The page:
With the renewed urgency of this knowledge today, this session investigates how contemporary artists and curators have used information design to build, challenge, and expand a planetary imaginary in the face of ecological disaster. Whereas photographs of the planet in its entirety mobilised the previous generation of environmental art and politics, the planetary now emerges in complexes of data and information. We therefore ask: How has information design expanded into a set of artistic and curatorial strategies that engage the epistemology and function of science? How do contemporary artworks, projects, and exhibitions use information design to think through planetary complexities and contingencies in the public domain? How does this planetary imaginary compare to that of global economies and infrastructures? By connecting information design and a planetary imaginary, this session seeks to re-orient toward environmental politics current debates about the diagrammatic and the informational as major tropes of contemporary art.

To offer a paper
Please email your paper proposals direct to the session convenors, details above.

Provide a title and abstract (250 words maximum) for a 25-minute paper (unless otherwise specified), your name and institutional affiliation (if any).

Please make sure the title is concise and reflects the contents of the paper because it will appear online, in social media and in the printed programme.

You should receive an acknowledgement of receipt of your submission within two weeks from the session convenors.

Deadline for submissions: Monday 5 November 2018

[3] Occult Performances and Reflections: The Everyday Occult in Visual Culture

The occult – the hidden – has been prevalent in various art forms for centuries. Christopher Partridge coined the term ‘occulture’ in 2004 in an effort to recognise the occult in the everyday, theorising the processes involved when popular culture disseminates occult ideas and beliefs to a wider audience. These occult and esoteric traditions are no longer hidden; instead the culture in which they are embedded has become familiar – they are ordinary and everyday.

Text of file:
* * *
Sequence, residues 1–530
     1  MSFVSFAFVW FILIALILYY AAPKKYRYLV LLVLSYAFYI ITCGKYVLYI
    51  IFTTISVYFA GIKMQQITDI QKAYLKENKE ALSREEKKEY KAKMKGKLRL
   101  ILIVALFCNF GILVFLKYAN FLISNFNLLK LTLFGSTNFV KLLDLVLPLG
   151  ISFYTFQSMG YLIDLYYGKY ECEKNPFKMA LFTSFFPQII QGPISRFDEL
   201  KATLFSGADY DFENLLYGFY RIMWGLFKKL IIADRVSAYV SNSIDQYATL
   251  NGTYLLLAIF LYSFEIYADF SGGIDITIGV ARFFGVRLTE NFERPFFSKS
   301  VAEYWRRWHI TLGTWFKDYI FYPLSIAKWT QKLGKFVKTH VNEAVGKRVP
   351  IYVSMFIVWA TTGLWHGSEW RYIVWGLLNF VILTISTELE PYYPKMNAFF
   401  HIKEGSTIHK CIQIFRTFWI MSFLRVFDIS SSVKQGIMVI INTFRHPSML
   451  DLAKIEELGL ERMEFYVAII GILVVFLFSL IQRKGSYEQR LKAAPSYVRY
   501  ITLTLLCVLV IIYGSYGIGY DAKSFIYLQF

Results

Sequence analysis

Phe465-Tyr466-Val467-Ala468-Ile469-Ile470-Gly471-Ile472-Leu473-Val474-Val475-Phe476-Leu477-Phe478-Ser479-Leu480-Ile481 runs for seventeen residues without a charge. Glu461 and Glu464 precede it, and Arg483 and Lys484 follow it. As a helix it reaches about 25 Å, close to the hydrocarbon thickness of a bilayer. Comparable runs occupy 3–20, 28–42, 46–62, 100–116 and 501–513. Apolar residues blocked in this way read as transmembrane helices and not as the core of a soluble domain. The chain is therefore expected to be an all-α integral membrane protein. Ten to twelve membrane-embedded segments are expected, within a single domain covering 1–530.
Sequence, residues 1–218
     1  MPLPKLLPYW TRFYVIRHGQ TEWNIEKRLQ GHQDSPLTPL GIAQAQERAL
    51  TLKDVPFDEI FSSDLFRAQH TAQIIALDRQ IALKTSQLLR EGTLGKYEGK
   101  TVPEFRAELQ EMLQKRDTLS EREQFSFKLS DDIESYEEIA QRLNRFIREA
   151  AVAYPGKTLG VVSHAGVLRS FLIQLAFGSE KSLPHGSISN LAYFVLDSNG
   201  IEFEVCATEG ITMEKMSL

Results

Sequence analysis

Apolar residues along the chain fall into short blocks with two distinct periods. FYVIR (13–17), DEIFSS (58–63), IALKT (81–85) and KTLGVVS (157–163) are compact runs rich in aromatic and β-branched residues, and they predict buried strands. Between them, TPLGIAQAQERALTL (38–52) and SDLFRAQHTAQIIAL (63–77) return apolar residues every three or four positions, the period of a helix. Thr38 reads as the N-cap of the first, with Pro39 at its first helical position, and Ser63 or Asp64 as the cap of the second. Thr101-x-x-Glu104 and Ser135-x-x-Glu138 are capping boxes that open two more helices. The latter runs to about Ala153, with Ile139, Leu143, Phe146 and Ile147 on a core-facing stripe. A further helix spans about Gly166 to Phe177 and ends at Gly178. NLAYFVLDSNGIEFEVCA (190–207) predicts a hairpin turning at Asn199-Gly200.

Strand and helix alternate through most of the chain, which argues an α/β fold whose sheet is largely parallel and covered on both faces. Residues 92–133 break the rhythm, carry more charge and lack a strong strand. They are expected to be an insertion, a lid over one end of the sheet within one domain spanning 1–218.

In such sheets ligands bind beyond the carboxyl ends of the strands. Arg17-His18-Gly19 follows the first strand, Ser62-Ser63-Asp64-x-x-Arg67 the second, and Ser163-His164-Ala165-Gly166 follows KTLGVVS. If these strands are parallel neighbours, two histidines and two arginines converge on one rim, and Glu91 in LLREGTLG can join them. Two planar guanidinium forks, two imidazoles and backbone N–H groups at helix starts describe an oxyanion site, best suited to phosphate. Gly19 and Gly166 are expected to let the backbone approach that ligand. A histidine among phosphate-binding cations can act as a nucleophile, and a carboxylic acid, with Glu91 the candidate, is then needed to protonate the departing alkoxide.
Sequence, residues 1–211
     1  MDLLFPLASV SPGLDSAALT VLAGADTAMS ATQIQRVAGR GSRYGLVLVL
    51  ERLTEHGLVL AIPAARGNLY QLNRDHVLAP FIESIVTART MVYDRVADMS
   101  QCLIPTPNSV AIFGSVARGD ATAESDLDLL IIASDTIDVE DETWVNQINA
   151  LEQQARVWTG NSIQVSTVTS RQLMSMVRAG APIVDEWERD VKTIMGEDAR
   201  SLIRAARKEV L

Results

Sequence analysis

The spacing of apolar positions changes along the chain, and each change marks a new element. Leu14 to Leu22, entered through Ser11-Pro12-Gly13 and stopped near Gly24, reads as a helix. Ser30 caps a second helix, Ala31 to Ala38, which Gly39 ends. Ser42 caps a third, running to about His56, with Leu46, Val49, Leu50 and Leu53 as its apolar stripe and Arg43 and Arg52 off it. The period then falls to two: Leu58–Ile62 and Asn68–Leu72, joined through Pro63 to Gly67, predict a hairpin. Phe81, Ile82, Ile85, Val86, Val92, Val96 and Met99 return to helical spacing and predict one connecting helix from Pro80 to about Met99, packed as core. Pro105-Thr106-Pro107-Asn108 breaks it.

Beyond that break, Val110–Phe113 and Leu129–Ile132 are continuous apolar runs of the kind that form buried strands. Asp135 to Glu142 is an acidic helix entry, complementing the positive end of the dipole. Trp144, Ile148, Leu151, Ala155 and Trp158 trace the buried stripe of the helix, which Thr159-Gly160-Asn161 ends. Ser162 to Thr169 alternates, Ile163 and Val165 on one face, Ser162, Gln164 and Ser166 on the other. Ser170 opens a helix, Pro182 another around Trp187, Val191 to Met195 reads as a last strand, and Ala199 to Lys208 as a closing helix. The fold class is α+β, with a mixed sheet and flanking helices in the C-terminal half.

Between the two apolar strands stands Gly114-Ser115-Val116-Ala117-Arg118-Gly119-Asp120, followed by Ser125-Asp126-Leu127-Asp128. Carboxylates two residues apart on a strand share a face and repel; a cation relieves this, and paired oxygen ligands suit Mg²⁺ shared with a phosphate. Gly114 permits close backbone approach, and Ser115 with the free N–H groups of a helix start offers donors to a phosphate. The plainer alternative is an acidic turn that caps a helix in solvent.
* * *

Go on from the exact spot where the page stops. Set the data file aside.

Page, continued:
Visual culture, as part of a broader popular culture, represents a fertile vehicle for the occult to enter everyday consciousness, even when the esoteric origins of those ideas remain unknown to the receiver. This is in opposition to secretive practices of a cultic milieu, when the occult was intended for an exclusive audience privileged with sacred and mysterious knowledge, such as, for example, ritual performances by and for adepts of the Hermetic Order of the Golden Dawn.

This session proposes to investigate the reflection and representation of occult ideas, beliefs and practices that manifest in everyday and popular forms of art from the 1870s to the present day. Focusing particularly on performance art, such as theatre and dance, as well as film, photography and print, this session would invite papers to explore occult currents in visual culture from any geographical location. In addition to academic papers, this session would welcome interdisciplinary approaches from performers and artists.

Session Convenors

Michelle Foot, University of Edinburgh mfootexseed.ed.ac.uk

Lucy Weir, University of Edinburgh lucy.weired.ac.uk